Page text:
[noise] rev32b (Release Candidate)

Alex alex at centromere.net
Sat May 13 16:24:51 PDT 2017

On Sat, 13 May 2017 21:40:20 +0200
"Jason A. Donenfeld" <Jason at zx2c4.com> wrote:

> > The `psk` token unlike all other tokens: It is parameterized. There
> > is no way for a Noise library to know ahead of time what the value
> > will be.  
> That's really not true. It's the same type semantically as any other
> token. A particular static key, for example, could be dependent on
> something like the source IP address, or other framing. However, in
> most circumstances, you simply tell the particular "instance" of Noise
> what keys will be used for different points of a handshake.

I think there is a huge mindset difference in how you and I are
approaching the spec. Compare the Noise_IK handshake in WireGuard[0] to
cacophony[1]. WireGuard is not meant to be a general purpose Noise
library, so I understand why these things seem trivial to you. But from
my perspective, I'm implementing a general purpose library that should
contain the functionality required to represent every single handshake
pattern possible without repeating myself. As a result, the design
choices I need to make are different.

WireGuard weaves together the Noise logic and the application logic,
and that's perfectly fine for your use case. When that's your mindset
it's easy to say, "just look up the static key in a hash table". I can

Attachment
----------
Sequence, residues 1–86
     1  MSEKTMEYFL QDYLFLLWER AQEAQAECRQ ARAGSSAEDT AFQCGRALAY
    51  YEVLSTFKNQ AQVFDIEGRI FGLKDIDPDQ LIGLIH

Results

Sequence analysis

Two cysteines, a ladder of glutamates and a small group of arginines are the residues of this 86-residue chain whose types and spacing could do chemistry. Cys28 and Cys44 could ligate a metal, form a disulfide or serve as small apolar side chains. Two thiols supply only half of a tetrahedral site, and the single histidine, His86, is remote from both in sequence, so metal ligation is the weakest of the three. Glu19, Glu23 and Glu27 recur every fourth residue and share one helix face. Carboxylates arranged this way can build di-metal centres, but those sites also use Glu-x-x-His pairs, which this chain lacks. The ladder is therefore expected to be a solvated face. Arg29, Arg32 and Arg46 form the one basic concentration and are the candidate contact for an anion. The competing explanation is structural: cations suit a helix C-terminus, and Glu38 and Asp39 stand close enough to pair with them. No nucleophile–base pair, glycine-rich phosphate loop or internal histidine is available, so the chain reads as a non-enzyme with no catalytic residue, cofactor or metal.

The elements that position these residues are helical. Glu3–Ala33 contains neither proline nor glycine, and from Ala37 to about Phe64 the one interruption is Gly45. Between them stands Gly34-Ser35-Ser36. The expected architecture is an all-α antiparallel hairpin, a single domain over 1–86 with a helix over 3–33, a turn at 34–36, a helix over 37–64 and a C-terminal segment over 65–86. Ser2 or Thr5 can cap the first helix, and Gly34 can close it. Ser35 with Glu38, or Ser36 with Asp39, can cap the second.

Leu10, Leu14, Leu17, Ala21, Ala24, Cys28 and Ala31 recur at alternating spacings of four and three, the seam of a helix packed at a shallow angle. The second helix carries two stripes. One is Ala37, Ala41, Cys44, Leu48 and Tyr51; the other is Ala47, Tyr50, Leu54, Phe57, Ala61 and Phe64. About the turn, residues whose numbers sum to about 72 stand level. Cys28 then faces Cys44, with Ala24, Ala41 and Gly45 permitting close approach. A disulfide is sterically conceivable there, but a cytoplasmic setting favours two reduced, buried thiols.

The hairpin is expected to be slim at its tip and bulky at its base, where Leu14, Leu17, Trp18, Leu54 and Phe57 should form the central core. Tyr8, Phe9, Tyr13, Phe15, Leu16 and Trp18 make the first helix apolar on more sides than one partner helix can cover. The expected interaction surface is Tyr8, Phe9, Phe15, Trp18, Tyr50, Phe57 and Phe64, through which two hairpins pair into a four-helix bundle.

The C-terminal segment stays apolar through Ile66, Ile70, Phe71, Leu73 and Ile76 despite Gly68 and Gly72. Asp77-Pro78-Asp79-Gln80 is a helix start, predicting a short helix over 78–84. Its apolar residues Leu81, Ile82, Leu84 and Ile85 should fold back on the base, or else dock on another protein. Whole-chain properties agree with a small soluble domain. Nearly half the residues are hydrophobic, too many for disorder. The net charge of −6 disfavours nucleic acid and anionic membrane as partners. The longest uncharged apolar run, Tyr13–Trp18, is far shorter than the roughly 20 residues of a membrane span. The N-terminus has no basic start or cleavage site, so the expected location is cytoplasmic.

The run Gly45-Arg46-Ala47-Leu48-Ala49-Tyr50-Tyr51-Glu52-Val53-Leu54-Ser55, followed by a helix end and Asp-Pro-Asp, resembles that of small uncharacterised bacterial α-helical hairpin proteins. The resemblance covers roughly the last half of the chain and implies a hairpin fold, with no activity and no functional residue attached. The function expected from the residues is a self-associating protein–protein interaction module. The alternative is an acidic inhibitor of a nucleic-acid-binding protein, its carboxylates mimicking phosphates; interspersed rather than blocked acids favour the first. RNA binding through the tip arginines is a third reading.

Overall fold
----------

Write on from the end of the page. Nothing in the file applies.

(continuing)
not do that, because I can not make any assumptions about who will be
using this library.

> > In an ideal general purpose Noise library, would you expect the
> > end-user to write the handshake pattern themselves, with their
> > application-specific logic (e.g. lookup_psk_in_database) woven in?
> > Or, would you want to have the library provide a set of pre-packaged
> > off-the-shelf handshake patterns, and users will only very rarely
> > define their own?  
> A library should probably provide pre-packaged off-the-shelf handshake
> patterns, which is why Trevor has taken the pains to document and name
> several useful ones.

When I say, "write the handshake pattern themselves", I don't mean "the
user should design, from scratch, a handshake pattern". I mean to say
that the user would copy/paste the pattern from the spec and make any
tweaks (like adding a `psk` token here or there) on their own.

> > My goal is to have cacophony be "idiot proof" -- it should be
> > difficult to shoot yourself in the foot. It is not clear to me how
> > to meet this goal while also making the library flexible enough to
> > support parameterized tokens like `psk`.  
> `psk` is not a necessarily parameterized token. You could choose to
> implement it this way, just like all the other tokens -- which could
> be parameterized on _something_ -- but you could also choose to
> implement it a simpler way.

The psk is not necessarily known at the time the handshake pattern is
defined and delivered to the library. It's only after the Noise
exchange begins (and tokens are consumed) that the psk becomes known,
and it's chosen by application logic, not Noise logic.

> From my own personal experience working on three different Noise
> libraries, this is _not_ a hard thing to implement. But if you'd like